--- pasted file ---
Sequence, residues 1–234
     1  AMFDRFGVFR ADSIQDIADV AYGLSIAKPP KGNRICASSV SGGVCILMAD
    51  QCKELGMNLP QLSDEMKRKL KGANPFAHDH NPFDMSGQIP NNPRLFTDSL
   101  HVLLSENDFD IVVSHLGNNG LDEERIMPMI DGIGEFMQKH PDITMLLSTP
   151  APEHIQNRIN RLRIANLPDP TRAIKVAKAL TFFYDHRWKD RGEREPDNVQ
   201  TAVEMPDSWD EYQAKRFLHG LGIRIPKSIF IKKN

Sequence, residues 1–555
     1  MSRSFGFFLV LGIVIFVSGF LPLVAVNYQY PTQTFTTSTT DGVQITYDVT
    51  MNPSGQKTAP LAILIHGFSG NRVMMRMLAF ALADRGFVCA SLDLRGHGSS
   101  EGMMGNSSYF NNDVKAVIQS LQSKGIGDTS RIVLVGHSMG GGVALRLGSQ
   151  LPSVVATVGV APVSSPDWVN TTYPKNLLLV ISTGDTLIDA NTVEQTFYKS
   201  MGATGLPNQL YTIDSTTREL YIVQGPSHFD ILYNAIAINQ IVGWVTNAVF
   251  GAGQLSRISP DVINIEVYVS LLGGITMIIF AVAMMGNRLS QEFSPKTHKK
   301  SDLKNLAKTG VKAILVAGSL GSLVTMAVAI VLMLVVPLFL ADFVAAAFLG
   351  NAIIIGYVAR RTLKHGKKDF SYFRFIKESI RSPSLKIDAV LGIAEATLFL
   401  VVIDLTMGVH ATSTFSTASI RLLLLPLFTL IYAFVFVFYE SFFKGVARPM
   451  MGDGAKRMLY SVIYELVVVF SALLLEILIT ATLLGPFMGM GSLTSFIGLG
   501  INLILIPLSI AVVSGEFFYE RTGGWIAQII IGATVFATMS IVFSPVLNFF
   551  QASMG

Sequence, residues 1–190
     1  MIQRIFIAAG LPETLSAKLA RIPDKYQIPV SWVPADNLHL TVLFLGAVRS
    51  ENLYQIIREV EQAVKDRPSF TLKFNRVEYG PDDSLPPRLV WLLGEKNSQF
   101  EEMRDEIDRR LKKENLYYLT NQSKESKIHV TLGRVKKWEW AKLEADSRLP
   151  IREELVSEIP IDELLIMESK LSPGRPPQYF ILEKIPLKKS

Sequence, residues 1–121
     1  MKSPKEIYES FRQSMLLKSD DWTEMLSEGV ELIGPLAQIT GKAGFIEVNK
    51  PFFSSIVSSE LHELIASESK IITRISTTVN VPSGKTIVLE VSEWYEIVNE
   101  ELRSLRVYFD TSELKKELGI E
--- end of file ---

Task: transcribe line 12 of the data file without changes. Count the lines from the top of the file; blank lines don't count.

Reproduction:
   201  MGATGLPNQL YTIDSTTREL YIVQGPSHFD ILYNAIAINQ IVGWVTNAVF